SINGAPORE - As far as she can recall, Madam Lai Sow Fong has never visited the dentist in her life.
But it was not for a lack of dental issues. The 72-year-old cleaner had a sweet tooth when she was younger, and has over the years lost many of her teeth.
She now has a fighting chance of retaining the teeth she still has, after going for the first dental check-up in her life about two months ago at a community nurse post in Chinatown, where she works.
She is one of more than 90 people who have received free dental screening to date under a new pilot programme by the National Dental Centre Singapore (NDCS).
Called the Oral Health Movement 8020, the programme is so named because it hopes to help people here retain at least 20 of their natural teeth beyond the age of 80.
The programme's leader, Dr Chan Pei Yuan, a consultant at NDCS' Department of Restorative Dentistry, told The Straits Times on Thursday (July 8): "Research shows that if you have at least 20 teeth, you are still able to function; if you have less than that, you may need dentures or implants."
However, a 2016 study here found that only 9 per cent of the population aged 80 and above had at least 20 teeth left, while 30 per cent of those aged 60 and up did not have any teeth at all.
Adults have a full set of 32 teeth.
The most common reasons for people losing their teeth as they get older are tooth decay and gum disease, which are preventable with early intervention, said Dr Chan.
She said: "Many believe that tooth loss is inevitable as we age, but this is untrue. With proper oral hygiene and regular dental screening, it is possible to retain natural teeth into old age."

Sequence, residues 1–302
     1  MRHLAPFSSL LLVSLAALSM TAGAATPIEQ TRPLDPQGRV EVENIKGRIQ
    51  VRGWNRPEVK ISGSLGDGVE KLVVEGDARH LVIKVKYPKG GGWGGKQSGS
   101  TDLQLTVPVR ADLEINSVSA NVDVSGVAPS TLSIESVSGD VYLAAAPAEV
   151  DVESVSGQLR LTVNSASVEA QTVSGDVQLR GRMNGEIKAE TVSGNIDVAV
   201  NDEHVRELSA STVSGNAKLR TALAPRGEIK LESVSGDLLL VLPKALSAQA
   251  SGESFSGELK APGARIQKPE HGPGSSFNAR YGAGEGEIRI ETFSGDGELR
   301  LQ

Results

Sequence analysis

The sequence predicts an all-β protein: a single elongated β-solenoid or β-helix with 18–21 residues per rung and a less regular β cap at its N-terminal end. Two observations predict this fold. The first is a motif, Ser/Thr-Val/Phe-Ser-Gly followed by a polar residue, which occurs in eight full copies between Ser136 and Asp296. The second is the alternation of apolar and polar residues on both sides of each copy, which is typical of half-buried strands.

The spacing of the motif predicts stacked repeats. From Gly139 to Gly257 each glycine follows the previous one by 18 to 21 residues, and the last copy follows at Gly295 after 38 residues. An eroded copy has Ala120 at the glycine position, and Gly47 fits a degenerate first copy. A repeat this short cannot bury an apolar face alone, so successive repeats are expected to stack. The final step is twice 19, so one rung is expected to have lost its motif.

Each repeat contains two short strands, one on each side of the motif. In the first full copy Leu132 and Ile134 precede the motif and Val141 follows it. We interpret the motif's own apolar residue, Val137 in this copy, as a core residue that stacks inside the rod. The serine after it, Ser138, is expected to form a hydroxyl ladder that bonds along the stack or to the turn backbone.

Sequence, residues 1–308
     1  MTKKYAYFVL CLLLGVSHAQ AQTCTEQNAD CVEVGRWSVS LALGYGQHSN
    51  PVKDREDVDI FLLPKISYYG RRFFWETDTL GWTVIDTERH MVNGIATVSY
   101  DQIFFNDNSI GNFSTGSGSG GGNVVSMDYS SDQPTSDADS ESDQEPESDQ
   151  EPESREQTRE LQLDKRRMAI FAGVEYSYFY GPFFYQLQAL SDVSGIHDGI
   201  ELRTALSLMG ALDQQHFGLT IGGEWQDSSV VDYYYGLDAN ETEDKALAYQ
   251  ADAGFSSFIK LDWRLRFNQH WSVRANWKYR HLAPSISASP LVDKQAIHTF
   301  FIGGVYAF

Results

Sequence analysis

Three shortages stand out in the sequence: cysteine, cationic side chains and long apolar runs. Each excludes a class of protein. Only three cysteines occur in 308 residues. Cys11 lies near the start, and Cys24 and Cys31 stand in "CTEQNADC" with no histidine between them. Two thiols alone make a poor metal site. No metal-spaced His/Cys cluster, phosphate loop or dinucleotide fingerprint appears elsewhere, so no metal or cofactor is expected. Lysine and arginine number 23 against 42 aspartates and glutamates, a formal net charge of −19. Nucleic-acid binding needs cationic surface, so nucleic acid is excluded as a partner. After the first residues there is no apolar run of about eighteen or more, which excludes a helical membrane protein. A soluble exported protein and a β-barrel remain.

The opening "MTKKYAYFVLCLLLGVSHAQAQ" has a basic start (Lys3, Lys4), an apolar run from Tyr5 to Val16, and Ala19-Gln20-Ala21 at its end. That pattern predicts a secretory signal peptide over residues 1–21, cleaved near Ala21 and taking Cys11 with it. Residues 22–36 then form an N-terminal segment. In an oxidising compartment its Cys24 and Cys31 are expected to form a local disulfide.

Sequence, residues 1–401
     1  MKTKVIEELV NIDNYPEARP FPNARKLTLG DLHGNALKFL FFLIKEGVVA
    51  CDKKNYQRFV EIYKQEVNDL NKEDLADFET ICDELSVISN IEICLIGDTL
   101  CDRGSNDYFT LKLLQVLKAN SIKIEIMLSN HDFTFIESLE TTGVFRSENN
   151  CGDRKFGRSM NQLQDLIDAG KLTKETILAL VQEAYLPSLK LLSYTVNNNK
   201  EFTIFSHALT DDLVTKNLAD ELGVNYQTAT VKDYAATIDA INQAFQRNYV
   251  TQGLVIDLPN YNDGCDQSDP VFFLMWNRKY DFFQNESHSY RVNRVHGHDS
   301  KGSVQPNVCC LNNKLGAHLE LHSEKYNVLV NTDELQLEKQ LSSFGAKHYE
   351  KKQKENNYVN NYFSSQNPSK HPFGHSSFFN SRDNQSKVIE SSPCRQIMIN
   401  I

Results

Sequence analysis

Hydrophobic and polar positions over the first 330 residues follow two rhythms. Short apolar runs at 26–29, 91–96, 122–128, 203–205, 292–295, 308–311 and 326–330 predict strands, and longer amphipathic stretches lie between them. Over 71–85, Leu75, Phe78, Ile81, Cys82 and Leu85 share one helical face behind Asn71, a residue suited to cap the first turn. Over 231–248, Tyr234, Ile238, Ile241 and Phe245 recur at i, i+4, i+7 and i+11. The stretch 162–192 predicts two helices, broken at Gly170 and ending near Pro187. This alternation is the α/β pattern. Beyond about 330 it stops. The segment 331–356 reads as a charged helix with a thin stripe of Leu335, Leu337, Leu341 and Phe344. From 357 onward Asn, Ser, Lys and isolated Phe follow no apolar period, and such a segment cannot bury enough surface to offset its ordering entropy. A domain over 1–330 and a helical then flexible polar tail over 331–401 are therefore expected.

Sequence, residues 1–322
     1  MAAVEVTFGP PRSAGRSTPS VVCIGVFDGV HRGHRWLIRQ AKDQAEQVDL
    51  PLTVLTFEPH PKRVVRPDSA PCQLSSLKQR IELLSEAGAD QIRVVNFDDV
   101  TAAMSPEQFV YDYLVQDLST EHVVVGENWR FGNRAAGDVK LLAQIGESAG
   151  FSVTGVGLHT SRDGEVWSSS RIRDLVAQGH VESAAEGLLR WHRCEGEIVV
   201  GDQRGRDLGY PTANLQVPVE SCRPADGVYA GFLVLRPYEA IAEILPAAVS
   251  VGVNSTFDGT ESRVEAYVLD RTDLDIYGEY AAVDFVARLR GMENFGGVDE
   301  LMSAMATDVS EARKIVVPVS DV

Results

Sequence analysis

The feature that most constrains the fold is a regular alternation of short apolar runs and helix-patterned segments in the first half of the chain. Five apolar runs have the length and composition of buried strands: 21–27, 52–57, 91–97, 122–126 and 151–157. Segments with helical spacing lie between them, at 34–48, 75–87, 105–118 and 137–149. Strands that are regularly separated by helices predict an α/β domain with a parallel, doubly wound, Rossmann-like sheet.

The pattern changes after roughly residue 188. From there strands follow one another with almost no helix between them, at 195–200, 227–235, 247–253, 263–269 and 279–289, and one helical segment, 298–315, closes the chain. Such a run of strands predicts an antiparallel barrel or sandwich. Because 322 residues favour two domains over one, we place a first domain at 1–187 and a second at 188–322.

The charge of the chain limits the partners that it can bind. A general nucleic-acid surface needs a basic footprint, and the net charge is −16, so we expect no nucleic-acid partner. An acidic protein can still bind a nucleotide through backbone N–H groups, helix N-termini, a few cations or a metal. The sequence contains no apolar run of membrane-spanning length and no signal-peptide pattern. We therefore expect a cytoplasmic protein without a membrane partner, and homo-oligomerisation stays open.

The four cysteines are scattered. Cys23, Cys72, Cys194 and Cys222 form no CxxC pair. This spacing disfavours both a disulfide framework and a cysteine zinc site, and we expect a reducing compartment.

She added that tooth loss can contribute to oral frailty, or the decline of good oral function, and affect one's choice of food.
Those with extensive tooth loss tend to opt for food groups that are high in carbohydrates and fats, as opposed to meat, fruits and vegetables, which are more difficult to chew. This may lead to malnutrition and poor health.
Being orally frail or pre-frail, the stage preceding that, also increases one's risk of choking while eating or drinking.
As part of the programme, community nurses from Singapore General Hospital screen residents living in south-east Singapore, providing them with oral health education and encouraging good oral care habits to prevent further tooth loss.
In Madam Lai's case, this included being reminded to brush her teeth regularly and cut down on sweet treats.
Those identified as orally pre-frail or frail will be invited to take part in a prevention programme at NDCS.
In addition to further assessment and learning how to improve their oral health, participants may also be referred to dentists or speech therapists who will follow up on their condition.
These participants will be reviewed six months later to reassess their oral frailty status.
About one-third of those screened since the programme started in March have been found to be either orally frail or pre-frail.
The two-year programme aims to screen at least 500 Singaporeans aged 40 and above for oral frailty.
Dr Chan said this age group was selected to allow for early intervention.
She noted that while there are systems in place in Singapore to maintain oral health when a person is schooling, there is a gap from early to late adulthood. "During this period, if they neglect their oral health, they may be faced with decay and other dental issues, resulting in tooth loss by the time they reach 60 years old," she said.
She added: "Oral health is intricately linked with general health. As such, it is important that we maintain good oral health throughout life.
"Studies have shown that maintaining at least 20 natural teeth at the age of 80 and beyond will let you eat well, speak well and age well, thereby improving quality of life."